Wednesday 25 November 2009

Saville Theatre, Shaftesbury Avenue WC2 (now Odeon Covent Garden)

The Odeon Covent Garden wasn't an Odeon and has never been in Covent Garden: when it was built in 1931 it was the Saville Theatre in the parish of St Giles in the Fields. It became a cinema in 1970.
The dramatic Art Deco facade by T.P. Bennett has a frieze depicting Drama through the Ages, made in cast stone by Gilbert Bayes, one of the best sculptors of the period. He was responsible for the amazing merfirefighters on the London Fire Brigade HQ and lots of sculptured details for housing estates provided so the poor would have things of beauty as well as the rich.
It's difficult to interpret this pageant. Some seem to be simple historical scenes, others portrayals of actors of the early 20th century in famous roles.
On the main strip on the Shaftesbury Avenue side, Bayes starts in Medieval times with a man carrying a staff, which I think makes him the Lord Chamberlain, who in the 1930s was the official censor of plays in London and Westminster. The first Lord Chamberlain was appointed in 1485, which would fit in with the costume. Bayes was clearly concerned with the role of the Lord Chamberlain in censoring plays, as will become apparent later.
Next to him is a Minstrel, singing a roundelay to the lute.
A monk and a burgher represent the Chester Players. The Chester Mystery Plays were a distant memory in the 1930s, having been banned as Popish under Elizabeth I. Today's revivals started in the 1950s.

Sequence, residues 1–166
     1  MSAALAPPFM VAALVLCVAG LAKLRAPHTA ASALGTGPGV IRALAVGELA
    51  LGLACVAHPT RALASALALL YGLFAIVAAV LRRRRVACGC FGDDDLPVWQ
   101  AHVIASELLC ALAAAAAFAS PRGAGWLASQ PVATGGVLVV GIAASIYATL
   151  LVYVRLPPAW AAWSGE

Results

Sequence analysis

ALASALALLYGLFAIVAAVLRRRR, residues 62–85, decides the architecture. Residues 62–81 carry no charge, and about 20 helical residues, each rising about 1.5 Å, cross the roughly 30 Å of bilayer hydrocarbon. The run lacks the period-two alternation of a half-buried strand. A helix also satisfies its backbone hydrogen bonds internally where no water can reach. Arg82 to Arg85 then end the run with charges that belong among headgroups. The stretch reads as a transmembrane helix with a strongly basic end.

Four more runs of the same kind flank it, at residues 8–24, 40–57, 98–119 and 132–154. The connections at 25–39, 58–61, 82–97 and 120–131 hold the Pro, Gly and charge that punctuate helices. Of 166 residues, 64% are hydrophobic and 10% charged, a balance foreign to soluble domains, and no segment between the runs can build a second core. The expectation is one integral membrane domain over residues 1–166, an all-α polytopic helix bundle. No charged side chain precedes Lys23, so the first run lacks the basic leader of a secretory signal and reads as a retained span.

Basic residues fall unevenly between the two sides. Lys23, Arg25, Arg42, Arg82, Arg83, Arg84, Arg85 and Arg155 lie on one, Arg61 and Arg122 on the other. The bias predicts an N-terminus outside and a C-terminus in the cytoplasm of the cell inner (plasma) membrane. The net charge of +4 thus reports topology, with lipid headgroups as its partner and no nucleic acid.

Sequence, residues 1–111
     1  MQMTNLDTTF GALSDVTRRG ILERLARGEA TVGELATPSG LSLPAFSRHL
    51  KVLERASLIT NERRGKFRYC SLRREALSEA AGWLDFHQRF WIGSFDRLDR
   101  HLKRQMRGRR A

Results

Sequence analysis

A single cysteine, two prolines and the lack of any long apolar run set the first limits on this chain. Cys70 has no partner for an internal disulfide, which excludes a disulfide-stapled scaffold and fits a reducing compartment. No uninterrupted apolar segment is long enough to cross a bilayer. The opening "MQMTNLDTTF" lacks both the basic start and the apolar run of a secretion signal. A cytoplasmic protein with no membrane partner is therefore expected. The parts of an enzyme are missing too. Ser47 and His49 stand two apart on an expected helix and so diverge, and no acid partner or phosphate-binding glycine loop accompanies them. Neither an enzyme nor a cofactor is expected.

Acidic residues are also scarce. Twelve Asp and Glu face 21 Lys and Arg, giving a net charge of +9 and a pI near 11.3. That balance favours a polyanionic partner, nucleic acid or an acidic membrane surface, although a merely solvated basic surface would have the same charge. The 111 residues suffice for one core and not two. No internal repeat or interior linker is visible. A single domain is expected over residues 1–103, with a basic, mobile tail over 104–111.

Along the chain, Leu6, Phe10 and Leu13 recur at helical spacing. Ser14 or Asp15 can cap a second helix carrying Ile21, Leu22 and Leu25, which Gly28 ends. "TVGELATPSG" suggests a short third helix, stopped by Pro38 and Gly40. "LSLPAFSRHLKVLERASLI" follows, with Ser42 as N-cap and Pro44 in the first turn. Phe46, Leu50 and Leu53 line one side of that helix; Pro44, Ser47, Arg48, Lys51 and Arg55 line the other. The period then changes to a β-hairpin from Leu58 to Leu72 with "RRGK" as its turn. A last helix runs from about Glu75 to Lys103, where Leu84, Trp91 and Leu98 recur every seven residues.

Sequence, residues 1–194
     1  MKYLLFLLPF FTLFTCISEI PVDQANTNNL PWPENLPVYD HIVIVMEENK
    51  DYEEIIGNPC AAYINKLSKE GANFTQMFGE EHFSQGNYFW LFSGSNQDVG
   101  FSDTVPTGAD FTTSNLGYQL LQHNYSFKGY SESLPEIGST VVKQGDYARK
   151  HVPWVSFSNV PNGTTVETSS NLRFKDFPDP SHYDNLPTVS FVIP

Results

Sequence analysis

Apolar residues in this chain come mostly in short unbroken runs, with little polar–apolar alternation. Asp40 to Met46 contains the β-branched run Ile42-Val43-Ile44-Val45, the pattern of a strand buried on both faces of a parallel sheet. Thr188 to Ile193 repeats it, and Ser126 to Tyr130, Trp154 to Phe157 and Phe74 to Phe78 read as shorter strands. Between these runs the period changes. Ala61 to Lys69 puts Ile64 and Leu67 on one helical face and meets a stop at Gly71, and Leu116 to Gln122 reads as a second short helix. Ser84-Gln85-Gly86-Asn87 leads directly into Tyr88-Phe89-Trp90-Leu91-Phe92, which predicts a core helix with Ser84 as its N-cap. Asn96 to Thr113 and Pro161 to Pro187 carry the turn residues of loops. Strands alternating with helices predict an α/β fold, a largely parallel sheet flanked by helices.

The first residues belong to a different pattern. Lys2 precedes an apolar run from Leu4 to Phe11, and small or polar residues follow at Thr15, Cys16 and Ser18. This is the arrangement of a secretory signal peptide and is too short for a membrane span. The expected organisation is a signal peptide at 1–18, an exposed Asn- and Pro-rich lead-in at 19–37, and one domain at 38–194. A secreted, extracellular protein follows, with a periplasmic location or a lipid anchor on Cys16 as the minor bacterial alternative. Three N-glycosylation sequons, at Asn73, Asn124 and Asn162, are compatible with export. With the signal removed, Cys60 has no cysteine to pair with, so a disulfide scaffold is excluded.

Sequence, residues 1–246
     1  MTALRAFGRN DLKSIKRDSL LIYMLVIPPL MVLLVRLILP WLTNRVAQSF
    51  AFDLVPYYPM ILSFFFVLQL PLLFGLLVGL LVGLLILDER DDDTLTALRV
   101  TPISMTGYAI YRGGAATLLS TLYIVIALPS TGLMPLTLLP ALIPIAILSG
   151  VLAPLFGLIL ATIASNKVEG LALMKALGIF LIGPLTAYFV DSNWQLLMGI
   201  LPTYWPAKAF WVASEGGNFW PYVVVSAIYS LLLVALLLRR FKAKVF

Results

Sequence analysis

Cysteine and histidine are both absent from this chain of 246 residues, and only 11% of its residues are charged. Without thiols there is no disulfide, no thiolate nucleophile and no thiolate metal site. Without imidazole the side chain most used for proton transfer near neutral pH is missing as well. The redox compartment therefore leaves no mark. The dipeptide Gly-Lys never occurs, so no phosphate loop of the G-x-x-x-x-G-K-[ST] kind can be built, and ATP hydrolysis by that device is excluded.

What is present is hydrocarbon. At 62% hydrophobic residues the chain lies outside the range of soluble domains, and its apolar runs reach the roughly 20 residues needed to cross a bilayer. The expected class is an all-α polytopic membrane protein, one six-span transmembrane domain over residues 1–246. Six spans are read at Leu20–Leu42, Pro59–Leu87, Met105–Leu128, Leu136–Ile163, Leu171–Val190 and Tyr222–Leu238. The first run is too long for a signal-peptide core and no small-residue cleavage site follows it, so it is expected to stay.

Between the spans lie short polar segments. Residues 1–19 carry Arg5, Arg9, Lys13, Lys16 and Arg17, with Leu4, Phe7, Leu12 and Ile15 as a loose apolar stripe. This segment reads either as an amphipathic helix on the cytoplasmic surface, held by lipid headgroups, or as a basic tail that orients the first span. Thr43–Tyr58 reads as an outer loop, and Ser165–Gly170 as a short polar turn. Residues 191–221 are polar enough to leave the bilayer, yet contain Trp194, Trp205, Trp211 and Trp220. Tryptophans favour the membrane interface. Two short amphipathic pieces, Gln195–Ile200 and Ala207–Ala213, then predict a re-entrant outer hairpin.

St George was a stock figure in medieval 'miracle' plays, which purported to tell the stories of the saints but were more usually based on pagan legends repackaged in Christian form. He kneels before an angel who crowns him with a laurel wreath. Behind him stands a winged boy holding arrows, the princess he saved, who holds the head of his horse, and a rather diminutive but aggressive-looking dragon.
On the other side of the main entrance (note how sympathetically the awning cuts off the feet of some of the figures) is a Greek Chorus, members of which hold the masks of Tragedy and Comedy. The kneeling figure at the front is holding a third mask of Staring Pensively Hoping One Looks Deep.They are led by the choryphaeus, holding a mirror.
The frieze takes a bit of a detour into popular entertainment at this point, with the arrival of Gladiators.
More later.

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